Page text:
NZ Land Logs 32, Year 2: North Island–Cape Reinga
Date: Thursday, March 22, 2007
Weather Today: Overcast AM and PM with a Few Patches of Blue Midday
Location: Cape Reinga, New Zealand

Today was our day to drive as far north as you can drive in New Zealand. We had driven to the southern-most point on the South Island and we just had to replicate the same on the North Island. Unfortunately, the rainy, overcast weather we had for our South Island day was replicated as well. Actually, we had only sprinkles a few times, but our morning and late afternoon were both totally overcast and we actually had fog as we neared Cape Reinga. Once you drive as far as you can, you walk down a path to the lighthouse. As we descended we got a little break and could at least see some of the spectacular coastline below us.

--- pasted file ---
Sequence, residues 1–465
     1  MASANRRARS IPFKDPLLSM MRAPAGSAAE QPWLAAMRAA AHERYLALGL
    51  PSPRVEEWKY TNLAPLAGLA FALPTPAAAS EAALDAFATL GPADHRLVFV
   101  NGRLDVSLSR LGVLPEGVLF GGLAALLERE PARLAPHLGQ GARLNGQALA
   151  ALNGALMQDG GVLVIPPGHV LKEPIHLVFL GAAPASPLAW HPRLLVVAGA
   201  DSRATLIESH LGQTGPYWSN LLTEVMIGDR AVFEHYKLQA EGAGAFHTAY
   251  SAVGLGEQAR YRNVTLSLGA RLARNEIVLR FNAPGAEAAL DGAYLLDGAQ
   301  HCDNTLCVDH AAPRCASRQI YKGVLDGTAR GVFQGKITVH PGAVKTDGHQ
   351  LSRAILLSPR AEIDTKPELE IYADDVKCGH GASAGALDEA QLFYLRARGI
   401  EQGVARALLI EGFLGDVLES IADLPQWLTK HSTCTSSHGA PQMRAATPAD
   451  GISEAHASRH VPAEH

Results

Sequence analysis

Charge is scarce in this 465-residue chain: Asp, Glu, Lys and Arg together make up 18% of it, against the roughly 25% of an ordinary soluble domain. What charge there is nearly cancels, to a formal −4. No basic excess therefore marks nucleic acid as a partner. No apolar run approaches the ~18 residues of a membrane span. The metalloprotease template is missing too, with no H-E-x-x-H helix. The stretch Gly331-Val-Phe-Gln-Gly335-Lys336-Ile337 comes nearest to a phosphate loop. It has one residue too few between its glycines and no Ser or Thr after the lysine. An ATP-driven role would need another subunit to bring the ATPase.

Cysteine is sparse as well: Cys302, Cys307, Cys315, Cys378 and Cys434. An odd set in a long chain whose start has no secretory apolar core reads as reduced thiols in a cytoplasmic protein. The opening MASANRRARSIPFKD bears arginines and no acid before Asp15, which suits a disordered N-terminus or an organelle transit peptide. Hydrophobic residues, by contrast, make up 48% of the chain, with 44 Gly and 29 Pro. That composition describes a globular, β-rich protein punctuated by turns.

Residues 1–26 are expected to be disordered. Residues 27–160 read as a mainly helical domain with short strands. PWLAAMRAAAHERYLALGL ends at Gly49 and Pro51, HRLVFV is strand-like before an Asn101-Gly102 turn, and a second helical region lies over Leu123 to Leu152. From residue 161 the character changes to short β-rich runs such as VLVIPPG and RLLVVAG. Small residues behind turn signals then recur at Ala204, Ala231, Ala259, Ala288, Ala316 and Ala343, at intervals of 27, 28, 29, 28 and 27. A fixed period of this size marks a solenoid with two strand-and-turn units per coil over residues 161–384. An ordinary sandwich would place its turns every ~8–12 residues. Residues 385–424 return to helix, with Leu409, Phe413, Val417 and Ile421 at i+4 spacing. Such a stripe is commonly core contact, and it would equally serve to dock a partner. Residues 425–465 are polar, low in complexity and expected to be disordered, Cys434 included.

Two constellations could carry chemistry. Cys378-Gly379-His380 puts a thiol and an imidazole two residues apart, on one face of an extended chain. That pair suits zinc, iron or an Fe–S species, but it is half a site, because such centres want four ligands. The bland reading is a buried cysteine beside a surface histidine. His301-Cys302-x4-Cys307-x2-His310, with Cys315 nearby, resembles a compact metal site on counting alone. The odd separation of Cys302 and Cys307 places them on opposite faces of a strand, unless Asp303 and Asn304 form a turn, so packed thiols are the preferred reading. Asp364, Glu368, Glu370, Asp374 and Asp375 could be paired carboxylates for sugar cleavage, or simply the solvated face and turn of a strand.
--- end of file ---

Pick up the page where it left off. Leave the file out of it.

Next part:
In a town called Awanui we stopped at Ancient Kauri Kingdom Ltd. The Kauri is an ancient tree that grows to great height and girth in New Zealand, but most of the towering forests are gone now. Tomorrow we will be exploring the largest Kauri forest left and you will hear more about this beautiful wood then. The shop were we stopped today sells only items that are made from the ancient kauri buried in the nearby swampland. It is actually carbon dated to be more than 45,000 years old. We enjoyed watching some of the products being made as well as seeing the beautiful end-products. But as I said, more about this tomorrow. From Awanui, we started our drive up the slender peninsula to the “end of the earth.” At least that is how it feels. The paved road goes up the center of the peninsula but there are a few harbors that cut in from the sea right up to the road. At one place we thought the waters were at flood stage as they lapped against the roadside. On the way back down the peninsula in the late afternoon, we realized that it was simply high tide when we drove north as there was no water in sight this second time through. There is another “road” that leads to Cape Reinga called the Ninety Mile Beach road. This really isn’t a road. People drive on the beach at low tide for the length of the peninsula. You can’t do this in rental cars, so this was not to be part of our adventure for today. As we started up the peninsula we found ourselves in very lowland pastures. As we inched our way north, we could start to see glimpses of huge yellow sand dunes on the west coast and bright white dunes to the east. We slowly climbed to about 160 metres, or 580 feet above sea level. Here there were green pastures leading up to green mountains in the clouds to the east and some patches of blue sky with green pastures leading to sand dunes on the ocean edge to the west. The higher we climbed the foggier it got. We were climbing into the clouds, but we could still see the sheep and cows in the pastures, and even a few ostrich. We thought the birds were emus, but we went through Wiatiki Landing and they were selling ostrich burgers. Maybe it was ostrich that we were seeing after all.